Minisymposium ''Perspectives of Gradient-Robustness''
Berlin, July 08, 2021

Alexander Linke introduced the concept of pressure/gradient robustness of finite element discretizations for flow problems, which allows for a significant improvement of the physical quality and efficiency of numerical simulations by reducing errors from non-trivial gradient fields in the momentum balance. The picture (taken from Figure 9.3. in this publication (exterior link to pdf)) shows a snap-shot of such a non-trivial gradient field from the material derivative in a periodic Kármán vortex street.
On the occasion of Alexander Linke's retirement as active scientist we want to celebrate his achievements and discuss the perspectives of the concept of gradient robustness from a theoretical and applied point of view.

Organizers WIAS Berlin

Jürgen Fuhrmann   |   Volker John   |   Christian Merdon

Preliminary Program

13:00 -- 13:45 J. Schöberl (Technische Universität Wien)
Software tools for robust finite element methods

In recent years many advanced finite element methods with improved robustness properties have been proposed. We are thinking of mixed and discontinuous Galerkin methods, with partial continuity of vector fields, and facet variables for hybridization.
In particular H(div) - based methods lead to pressure robustness for flow problems and nearly incompressible materials. This can be obtained by using H(div) - conforming methods from the beginning, or by updating classical methods using Alexander's reconstruction operators.
We give an overview of such methods, and show how to formulate them in within the language of the finite element library NGSolve.
We present joint work with C. Lehrenfeld, P. Lederer, A. Linke, and C. Merdon.

13:45-- 14:30 Th. Apel/Volker Kempf (Universität der Bundeswehr München)
A pressure-robust discretization of the Stokes problem on anisotropic meshes

Anisotropic finite element meshes are particularly efficient when the solution of the problem has anisotropic features like boundary layers or edge singularities. The Crouzeix-Raviart method is known to be inf-sup stable on anisotropic meshes, yet not pressure-robust. Inf-sup stable finite element schemes with discontinuous pressure can be made pressure-robust by a modified discretization of the exterior forcing term using H(div)-conforming reconstruction operators like the Raviart-Thomas or Brezzi-Douglas-Marini interpolants.
In order to show that the reconstruction approach works for anisotropic discretizations, it was necessary to investigate the interpolation error for the Raviart-Thomas or Brezzi-Douglas-Marini interpolants on anisotropic elements disclosing subtleties in the definition of the spaces and in shape assumptions.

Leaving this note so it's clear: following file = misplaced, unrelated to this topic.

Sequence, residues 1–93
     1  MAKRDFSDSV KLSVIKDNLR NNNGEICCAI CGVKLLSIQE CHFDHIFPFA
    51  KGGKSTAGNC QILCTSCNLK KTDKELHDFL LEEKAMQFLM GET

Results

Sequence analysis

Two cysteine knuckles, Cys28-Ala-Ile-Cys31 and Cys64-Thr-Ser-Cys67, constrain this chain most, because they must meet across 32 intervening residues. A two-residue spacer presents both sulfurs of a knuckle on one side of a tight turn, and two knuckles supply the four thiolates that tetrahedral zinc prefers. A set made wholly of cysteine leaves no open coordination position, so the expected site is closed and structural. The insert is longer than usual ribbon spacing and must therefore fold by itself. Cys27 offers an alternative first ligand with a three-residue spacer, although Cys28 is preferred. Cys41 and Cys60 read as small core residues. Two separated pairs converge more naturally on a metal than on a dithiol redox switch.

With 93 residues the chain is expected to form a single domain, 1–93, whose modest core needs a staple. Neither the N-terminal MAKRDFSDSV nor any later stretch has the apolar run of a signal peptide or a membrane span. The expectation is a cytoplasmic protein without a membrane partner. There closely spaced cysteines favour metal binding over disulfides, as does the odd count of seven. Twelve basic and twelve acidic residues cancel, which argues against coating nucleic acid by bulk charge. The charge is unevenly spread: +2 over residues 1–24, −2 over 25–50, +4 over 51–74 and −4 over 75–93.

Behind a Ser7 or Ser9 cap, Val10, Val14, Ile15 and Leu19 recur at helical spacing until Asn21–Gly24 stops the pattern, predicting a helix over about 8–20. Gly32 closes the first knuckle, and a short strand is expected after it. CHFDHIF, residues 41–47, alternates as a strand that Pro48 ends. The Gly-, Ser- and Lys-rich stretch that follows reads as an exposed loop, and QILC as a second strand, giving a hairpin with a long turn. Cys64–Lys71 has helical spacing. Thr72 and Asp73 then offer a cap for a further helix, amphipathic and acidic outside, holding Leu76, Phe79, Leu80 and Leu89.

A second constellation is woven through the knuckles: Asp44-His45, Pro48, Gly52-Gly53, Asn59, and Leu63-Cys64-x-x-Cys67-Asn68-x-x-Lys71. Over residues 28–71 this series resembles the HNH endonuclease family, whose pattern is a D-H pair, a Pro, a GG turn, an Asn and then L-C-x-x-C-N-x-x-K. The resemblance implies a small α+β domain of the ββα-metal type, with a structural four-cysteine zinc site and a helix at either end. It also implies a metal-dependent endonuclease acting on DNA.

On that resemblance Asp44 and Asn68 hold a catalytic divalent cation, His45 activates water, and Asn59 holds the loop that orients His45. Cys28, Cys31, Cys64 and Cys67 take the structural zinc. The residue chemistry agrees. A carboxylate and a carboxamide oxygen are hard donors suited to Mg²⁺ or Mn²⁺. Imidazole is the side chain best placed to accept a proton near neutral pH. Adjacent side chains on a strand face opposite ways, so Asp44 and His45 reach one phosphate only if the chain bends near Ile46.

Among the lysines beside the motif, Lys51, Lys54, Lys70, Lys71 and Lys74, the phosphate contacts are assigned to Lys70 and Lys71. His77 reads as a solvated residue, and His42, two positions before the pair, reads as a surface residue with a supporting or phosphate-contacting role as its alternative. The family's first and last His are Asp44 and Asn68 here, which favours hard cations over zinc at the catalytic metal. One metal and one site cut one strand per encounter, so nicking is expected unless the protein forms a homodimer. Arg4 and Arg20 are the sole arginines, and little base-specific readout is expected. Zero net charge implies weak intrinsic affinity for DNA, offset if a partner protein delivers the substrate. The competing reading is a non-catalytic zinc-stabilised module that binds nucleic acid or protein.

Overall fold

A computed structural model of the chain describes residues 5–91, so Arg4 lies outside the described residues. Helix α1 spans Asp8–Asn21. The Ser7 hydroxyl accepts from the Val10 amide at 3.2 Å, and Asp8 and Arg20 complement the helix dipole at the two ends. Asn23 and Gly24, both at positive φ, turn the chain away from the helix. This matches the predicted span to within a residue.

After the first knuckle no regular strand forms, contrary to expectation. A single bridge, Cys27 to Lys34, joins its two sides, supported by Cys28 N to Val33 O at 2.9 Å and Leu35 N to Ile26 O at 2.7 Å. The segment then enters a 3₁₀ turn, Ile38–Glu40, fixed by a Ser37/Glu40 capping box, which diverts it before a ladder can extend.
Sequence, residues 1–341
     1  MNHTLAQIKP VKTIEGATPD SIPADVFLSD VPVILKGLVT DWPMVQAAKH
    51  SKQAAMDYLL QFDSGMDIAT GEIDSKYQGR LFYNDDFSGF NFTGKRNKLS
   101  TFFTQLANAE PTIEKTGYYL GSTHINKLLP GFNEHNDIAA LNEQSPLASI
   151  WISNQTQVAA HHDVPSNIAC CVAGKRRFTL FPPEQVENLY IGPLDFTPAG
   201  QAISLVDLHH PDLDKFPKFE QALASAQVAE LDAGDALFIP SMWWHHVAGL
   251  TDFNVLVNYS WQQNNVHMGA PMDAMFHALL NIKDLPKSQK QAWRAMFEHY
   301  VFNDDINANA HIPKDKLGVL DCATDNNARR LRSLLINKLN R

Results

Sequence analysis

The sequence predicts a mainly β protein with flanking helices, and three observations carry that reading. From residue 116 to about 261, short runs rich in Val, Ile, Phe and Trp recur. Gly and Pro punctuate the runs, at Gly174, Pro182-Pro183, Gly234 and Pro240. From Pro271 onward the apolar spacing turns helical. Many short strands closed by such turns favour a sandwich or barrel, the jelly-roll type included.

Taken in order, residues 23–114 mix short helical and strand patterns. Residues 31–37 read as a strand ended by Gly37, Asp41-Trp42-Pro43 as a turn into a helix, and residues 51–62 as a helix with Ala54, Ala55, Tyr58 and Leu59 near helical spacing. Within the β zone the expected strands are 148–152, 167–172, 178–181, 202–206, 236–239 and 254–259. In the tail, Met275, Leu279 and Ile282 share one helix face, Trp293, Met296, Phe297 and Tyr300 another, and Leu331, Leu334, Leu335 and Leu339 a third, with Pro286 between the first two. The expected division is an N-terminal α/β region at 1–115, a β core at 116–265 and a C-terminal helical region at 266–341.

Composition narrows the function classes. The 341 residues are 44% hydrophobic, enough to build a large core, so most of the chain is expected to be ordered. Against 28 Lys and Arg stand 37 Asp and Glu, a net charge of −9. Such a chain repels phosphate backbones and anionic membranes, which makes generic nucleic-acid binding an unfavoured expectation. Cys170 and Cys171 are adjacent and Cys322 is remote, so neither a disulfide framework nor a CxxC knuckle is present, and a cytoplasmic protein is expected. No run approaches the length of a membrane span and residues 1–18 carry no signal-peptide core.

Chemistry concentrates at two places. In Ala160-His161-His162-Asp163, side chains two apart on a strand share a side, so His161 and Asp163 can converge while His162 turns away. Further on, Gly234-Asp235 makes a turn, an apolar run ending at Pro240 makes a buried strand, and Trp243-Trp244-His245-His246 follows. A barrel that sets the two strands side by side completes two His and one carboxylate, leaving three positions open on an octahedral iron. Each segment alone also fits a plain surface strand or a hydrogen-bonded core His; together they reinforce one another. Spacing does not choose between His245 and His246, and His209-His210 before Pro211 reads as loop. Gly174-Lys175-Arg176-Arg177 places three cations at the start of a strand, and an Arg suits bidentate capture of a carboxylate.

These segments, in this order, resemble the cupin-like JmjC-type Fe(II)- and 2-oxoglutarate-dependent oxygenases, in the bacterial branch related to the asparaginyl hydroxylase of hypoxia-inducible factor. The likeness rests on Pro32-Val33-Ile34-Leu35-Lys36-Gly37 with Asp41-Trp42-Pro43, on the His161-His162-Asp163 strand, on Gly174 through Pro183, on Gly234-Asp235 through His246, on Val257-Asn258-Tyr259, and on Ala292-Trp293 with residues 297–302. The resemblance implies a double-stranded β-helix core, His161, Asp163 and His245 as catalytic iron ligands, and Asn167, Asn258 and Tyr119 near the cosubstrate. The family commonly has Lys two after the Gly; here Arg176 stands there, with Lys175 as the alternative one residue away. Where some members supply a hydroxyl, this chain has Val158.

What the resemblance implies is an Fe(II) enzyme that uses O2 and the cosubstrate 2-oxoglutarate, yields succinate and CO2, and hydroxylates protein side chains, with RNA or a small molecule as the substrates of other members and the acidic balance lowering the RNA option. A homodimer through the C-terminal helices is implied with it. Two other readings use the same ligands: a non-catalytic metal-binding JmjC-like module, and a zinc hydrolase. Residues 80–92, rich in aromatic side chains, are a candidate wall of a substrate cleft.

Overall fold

In collaboration with Alexander Linke and Christian Merdon we have generalized the modified Crouzeix-Raviart method to a large class of anisotropic triangulations. Numerical examples confirm the theoretical results.

14:30 -- 15:00 Coffee Break
15:00 -- 15:45 M. Neilan (University of Pittsburgh)
Quasi-optimal error estimates of pressure-robust schemes for the Stokes problem

This talk discusses error estimates of the pressure-robust schemes for the Stokes problem introduced by A. Linke and collaborators. These methods introduce a nonstandard discretization of the right-hand side function, leading to consistency errors. We discuss various approaches and mathematical tools to analyze the methods with a focus on low-regularity solutions. This is joint work with Alexander Linke, Christian Merdon, and Felix Neumann.

15:45 -- 16:30 Ch. Merdon (WIAS Berlin)
On the importance of gradient-robustness in convection stabilisation and compressible flows

In high Reynolds number flows there are two possible sources of discretisation errors: a lack of gradient-robustness and dominant convection. The latter one persists if divergence-free discretisations like the Scott-Vogelius element are used and requires some kind of convection stabilisation. However, the gains from gradient-robustness can be compromised if a convection stablisation is used that is not gradient-robust like the SUPG convection stabilisation. The talk presents a novel residual-based least-square convection stabilisation which is based on the vorticity equation. This stabilisation preserves the gradient-robustness of the original method and so allows pressure-independent velocity estimates and the best known rates for the $L^2$-norm in the linearised Oseen case [1].
The second part focuses on compressible flows for low Mach numbers where gradient-robustness implies a well-balanced property in the sense that hydrostatic atmosphere-at-rest scenarios are preserved optimally. A novel finite element finite volume method is presented that is based on a gradient-robustly reconstructed version of the Bernardi--Raugel element and preserves total mass constraints, positiveness of the density, and is provably convergent on unstructured grids (at least in the simplest isothermal case) [2].
Both parts include some numerical examples to illustrate the findings. In the remaining time some future perspectives are discussed.

[1] "A pressure-robust discretization of Oseen's equation using stabilization in the vorticity equation", N. Ahmed, G. R. Barrenechea, E. Burman, J. Guzman, A. Linke and C. Merdon, (accepted by SINUM, 2021)
[2] "A gradient-robust well-balanced scheme for the compressible isothermal Stokes problem", M. Akbas, T. Gallouet, A. Gassmann, A. Linke and C. Merdon, Computer Methods in Applied Mechanics and Engineering 367 (2020)